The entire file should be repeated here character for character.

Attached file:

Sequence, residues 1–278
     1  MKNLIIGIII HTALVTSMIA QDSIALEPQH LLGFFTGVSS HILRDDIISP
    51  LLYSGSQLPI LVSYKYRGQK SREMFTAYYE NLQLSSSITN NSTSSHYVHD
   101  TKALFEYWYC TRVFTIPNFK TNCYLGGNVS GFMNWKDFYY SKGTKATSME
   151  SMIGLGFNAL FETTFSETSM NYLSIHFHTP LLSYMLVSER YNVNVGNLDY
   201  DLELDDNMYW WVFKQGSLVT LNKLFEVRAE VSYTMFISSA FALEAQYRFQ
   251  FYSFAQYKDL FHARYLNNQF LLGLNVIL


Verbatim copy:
Sequence, residues 1–278
     1  MKNLIIGIII HTALVTSMIA QDSIALEPQH LLGFFTGVSS HILRDDIISP
    51  LLYSGSQLPI LVSYKYRGQK SREMFTAYYE NLQLSSSITN NSTSSHYVHD
   101  TKALFEYWYC TRVFTIPNFK TNCYLGGNVS GFMNWKDFYY SKGTKATSME
   151  SMIGLGFNAL FETTFSETSM NYLSIHFHTP LLSYMLVSER YNVNVGNLDY
   201  DLELDDNMYW WVFKQGSLVT LNKLFEVRAE VSYTMFISSA FALEAQYRFQ
   251  FYSFAQYKDL FHARYLNNQF LLGLNVIL